This is a marketing tactic that’s used to move prospective clients through the funnel. Rather than sending one marketing message, drip campaigns send multiple targeted messages at predetermined times within a longer window of time in an effort to convert prospects. It commonly takes the form of email marketing.
Hosting is a service where one computer is configured as an Internet server, offering its resources for use in exchange of a rental fee. One or more users can use information, services or the content within this server using another computer called the ‘client.’
Long Tail Keyword
A long tail keyword is longer than a regular keyword and much more specific.
Instead of “Toronto condo,” a long tail keyword might say “Toronto best waterfront condo.”
Because of their specificity, long tail keywords are searched for less, but the right ones come with much less competition and a higher return; someone who searches for that phrase knows exactly what they want to find, and your website probably meets their needs.
These are small chunks of HTML that are added to a webpage’s code in order to provide information to search engines. They don’t appear as text on the page itself.
Kinds of tags could include a short description of your website, relevant keywords, and when the date was published. A search engine will use this info when showing your website in search results.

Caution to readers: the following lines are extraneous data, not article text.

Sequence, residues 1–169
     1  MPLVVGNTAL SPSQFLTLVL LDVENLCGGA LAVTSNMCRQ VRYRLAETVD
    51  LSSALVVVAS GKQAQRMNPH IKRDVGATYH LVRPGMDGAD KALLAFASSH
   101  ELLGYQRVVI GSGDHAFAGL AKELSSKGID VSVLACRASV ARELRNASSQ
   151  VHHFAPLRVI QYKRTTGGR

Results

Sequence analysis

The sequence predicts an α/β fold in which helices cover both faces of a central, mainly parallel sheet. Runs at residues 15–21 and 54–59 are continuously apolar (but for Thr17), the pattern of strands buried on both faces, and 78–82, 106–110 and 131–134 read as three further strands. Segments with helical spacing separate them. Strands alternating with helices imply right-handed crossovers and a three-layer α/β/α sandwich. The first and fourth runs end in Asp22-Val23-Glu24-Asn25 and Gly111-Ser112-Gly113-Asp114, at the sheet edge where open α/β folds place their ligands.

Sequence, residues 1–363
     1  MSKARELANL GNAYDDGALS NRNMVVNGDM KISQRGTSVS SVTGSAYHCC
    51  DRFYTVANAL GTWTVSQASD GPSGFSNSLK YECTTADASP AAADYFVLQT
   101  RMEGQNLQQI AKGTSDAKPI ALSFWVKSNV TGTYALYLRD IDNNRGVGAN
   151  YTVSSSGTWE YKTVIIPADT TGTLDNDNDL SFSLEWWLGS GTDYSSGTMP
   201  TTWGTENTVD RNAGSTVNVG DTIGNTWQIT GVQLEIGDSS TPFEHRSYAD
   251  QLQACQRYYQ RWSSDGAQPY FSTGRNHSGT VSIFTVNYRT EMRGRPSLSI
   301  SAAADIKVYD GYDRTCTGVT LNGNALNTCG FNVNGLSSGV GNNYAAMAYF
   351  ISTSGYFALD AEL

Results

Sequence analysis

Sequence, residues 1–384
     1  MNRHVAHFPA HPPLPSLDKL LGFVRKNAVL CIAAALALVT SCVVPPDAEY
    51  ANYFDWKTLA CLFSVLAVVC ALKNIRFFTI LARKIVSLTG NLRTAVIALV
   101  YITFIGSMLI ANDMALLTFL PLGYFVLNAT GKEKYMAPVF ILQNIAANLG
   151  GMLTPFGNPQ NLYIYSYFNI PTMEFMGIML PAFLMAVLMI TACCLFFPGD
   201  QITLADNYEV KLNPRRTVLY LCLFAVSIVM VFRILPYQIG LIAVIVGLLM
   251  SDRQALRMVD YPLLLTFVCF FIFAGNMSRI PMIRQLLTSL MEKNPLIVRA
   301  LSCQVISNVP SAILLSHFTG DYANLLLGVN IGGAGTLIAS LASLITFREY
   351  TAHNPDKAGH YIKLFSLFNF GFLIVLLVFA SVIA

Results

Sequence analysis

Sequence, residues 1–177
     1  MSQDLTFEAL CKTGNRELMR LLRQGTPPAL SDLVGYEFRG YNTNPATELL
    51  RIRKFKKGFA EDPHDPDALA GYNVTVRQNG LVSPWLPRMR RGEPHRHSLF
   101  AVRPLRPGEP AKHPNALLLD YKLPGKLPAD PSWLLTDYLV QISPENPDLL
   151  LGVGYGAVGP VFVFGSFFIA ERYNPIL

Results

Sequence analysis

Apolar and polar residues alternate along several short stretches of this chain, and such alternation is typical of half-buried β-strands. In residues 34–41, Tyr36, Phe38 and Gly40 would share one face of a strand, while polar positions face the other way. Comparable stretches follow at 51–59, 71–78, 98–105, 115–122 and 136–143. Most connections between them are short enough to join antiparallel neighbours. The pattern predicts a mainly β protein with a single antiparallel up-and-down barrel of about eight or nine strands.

You may have stumbled upon super cool scrolling website designs like www.housesforsaleincalgary.com, where the web designer has created layers of content. The background of the web page will move at a different speed than the rest of the page. That’s parallax design. This type of layout uses a visual storytelling approach to show the contents of the website.
Responsive design is a method of designing websites so that they automatically adjust to all devices. In other words, responsive design reformats your website for all screen sizes so that the user can interact with the site – no matter what device is being used.
SEO is one of the most common digital terms, but not everyone has a clear understanding of what it specifically means.
“Search engine optimization” refers to all of the tools, strategies and best practices used to improve where and how a website will appear in search results. It includes keywords, meta tags, image alt text, load speed, responsiveness, and so on. It’s the act or process of improving.
UI stands for user interface. It refers to how a digital product, service or website looks and feels. In user experience design, the goal is to design a user interface that provides an attractive, responsive and helpful digital experience.
Short for user experience, UX encompasses all aspects of the end user’s interaction with a product, service or website. It involves the person’s emotions, behaviors and attitudes when using such product or service. In user experience design, the main goal is to establish the best elements for the best possible interaction.
There you have it! Do you have other terms that you’ve never really been able to get a handle on? Tell us below and we’ll update this post accordingly!